Time to widen the scope: in a moment in which the border between urban and rural gets fuzzier in terms of social demands, at least in Europe, some things can start change in both spheres.
European laws (and others, but those in Europe are closer to me) institute citizen’s rights without making differences between those in rural and urban areas; citizenship, despite its etymologic link to cities, applies to everyone. But in fact the burden of transportation and communications implied differences in the aspirations of the residents of rural areas, which often saw the access to some services as almost impossible, and this was commonly accepted. During recent decades residents in rural areas have grasped better chances to access more services, first through cars, then TV, and then the internet; this has meant an evolution in their view of the urban life. It is still different to live in a small hamlet with 250 residents, half of which are over 60, but some things are now felt as rights in the same way in both kinds of territory. And the consumption habits get closer as the rural populations loses overall weight. This is catalyzer of change on a scale that goes beyond urban or metropolitan, either for good or for bad.
Saying that cultivation fields get technician by the aim for more production can only be accepted if you speak in terms of millennia; improving crop yields has always been a goal for farmers, despite the bucolic vision some urbans have. There is a constant buzz now around the “developed countries” concerning smart cities and the future introduction of sensors, but this is also becoming common in many rural areas through improved irrigation systems. The image of circles formed by pivot irrigation are known to most of us, but drip irrigation, albeit less impressive when seen from above, is quite efficient, and the chances to mechanize recollection in some cases change many things.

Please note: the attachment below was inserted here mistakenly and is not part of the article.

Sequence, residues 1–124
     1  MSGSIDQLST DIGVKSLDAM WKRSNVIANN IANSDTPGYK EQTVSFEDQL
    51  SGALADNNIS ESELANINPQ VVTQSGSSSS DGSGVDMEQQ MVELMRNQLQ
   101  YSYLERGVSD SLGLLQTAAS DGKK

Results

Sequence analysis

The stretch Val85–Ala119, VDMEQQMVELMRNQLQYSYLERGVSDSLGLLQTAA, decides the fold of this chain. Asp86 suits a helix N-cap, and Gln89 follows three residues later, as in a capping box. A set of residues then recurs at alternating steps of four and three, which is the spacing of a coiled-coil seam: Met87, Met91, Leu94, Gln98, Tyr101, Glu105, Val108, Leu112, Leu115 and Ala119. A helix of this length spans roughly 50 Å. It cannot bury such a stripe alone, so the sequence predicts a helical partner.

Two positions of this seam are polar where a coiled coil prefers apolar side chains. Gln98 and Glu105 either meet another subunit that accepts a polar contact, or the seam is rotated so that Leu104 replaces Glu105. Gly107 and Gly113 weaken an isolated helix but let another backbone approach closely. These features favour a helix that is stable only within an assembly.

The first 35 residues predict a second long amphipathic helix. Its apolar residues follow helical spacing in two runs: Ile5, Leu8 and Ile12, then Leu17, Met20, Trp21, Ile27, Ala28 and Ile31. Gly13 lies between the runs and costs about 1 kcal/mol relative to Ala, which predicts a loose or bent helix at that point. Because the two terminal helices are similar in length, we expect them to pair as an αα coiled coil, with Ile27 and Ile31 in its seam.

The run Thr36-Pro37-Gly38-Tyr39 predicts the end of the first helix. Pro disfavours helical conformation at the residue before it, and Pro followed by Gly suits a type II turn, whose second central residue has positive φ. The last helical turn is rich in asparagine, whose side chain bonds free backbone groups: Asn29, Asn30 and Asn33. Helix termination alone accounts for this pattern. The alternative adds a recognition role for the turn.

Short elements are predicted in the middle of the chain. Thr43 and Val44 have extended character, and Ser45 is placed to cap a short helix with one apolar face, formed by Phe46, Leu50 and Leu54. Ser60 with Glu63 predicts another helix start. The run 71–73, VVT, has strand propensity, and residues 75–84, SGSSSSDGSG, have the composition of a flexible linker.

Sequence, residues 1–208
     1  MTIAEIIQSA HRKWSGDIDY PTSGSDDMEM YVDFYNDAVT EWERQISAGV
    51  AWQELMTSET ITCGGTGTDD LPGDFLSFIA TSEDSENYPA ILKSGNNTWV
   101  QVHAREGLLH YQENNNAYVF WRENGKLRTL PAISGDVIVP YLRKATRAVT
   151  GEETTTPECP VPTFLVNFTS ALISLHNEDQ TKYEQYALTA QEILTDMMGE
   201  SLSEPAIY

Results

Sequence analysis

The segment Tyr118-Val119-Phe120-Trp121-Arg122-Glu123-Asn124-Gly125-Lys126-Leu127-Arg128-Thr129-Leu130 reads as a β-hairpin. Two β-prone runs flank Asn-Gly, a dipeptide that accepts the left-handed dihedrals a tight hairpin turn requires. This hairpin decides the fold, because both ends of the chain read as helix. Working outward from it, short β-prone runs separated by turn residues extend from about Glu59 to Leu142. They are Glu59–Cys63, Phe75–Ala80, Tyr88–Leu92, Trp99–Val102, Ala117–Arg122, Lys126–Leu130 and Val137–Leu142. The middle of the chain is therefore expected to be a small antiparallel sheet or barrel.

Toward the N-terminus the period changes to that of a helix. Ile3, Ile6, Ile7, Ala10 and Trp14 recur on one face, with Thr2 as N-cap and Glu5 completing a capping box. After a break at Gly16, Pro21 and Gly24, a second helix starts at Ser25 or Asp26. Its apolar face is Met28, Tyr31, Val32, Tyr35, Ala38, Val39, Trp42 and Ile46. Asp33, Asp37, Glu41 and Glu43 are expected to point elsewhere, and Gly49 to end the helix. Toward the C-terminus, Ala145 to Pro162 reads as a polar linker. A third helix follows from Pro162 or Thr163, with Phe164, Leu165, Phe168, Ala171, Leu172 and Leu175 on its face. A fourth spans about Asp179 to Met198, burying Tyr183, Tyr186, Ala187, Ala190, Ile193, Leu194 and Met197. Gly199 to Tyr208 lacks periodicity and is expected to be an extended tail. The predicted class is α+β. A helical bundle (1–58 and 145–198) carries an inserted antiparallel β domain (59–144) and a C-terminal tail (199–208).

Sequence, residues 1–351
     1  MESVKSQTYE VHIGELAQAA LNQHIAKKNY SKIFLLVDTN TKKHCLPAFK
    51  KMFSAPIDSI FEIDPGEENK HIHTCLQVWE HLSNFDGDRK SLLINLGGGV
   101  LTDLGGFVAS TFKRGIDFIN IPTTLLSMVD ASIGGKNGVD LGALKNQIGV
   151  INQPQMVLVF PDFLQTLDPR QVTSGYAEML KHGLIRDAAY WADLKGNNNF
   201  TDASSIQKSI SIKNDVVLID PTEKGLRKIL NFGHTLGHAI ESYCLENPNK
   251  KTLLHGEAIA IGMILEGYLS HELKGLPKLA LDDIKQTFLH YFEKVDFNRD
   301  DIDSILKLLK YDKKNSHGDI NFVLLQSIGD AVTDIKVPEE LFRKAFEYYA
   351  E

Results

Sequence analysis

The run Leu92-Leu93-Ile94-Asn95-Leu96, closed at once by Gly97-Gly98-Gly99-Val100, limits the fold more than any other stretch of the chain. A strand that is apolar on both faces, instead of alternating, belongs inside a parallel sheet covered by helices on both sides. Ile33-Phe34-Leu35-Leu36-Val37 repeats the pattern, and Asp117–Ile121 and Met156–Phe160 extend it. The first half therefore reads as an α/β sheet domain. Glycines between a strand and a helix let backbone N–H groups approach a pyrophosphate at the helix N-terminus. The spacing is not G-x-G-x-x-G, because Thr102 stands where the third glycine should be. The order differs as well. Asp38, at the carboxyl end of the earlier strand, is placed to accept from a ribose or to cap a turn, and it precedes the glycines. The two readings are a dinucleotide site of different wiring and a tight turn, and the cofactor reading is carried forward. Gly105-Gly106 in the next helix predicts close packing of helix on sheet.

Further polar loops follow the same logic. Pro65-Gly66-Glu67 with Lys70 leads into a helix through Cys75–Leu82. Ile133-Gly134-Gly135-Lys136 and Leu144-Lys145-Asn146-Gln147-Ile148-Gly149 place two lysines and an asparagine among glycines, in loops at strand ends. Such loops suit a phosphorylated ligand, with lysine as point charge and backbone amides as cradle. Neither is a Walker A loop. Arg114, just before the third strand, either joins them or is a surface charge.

Sure, urbans are not getting fans of the farm machinery websites, but it is rather the way in which farmers exchange information about their working tools, almost as any urban professional. When farmers look for ways to hack the on-board computers on their combine harvesters, as a recent article on Wired showed, change is in the air. I’m not sure how/whether this will translate to architecture and landscape, but chances are there could be an impact. And this is in fact an essay, reduced but interesting, on what comes along with smart cities; managing irrigation water and its electricity use is a limited goal, but some smart city initiatives don’t go beyond the mere management of a limited set of services…